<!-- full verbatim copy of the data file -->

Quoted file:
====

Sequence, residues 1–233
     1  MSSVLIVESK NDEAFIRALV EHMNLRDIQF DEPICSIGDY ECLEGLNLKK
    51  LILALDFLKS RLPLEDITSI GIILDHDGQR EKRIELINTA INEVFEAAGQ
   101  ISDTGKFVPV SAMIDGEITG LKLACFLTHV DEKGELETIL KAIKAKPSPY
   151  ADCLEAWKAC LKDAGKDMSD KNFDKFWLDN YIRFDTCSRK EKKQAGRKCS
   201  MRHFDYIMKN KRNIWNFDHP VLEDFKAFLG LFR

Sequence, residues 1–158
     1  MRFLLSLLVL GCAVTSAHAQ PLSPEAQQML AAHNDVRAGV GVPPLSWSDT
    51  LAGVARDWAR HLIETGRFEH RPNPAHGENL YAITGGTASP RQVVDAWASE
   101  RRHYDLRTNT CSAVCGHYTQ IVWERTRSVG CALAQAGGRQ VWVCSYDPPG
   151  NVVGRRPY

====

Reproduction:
Sequence, residues 1–233
     1  MSSVLIVESK NDEAFIRALV EHMNLRDIQF DEPICSIGDY ECLEGLNLKK
    51  LILALDFLKS RLPLEDITSI GIILDHDGQR EKRIELINTA INEVFEAAGQ
   101  ISDTGKFVPV SAMIDGEITG LKLACFLTHV DEKGELETIL KAIKAKPSPY
   151  ADCLEAWKAC LKDAGKDMSD KNFDKFWLDN YIRFDTCSRK EKKQAGRKCS
   201  MRHFDYIMKN KRNIWNFDHP VLEDFKAFLG LFR

Sequence, residues 1–158
     1  MRFLLSLLVL GCAVTSAHAQ PLSPEAQQML AAHNDVRAGV GVPPLSWSDT
    51  LAGVARDWAR HLIETGRFEH RPNPAHGENL YAITGGTASP RQVVDAWASE
   101  RRHYDLRTNT CSAVCGHYTQ IVWERTRSVG CALAQAGGRQ VWVCSYDPPG
   151  NVVGRRPY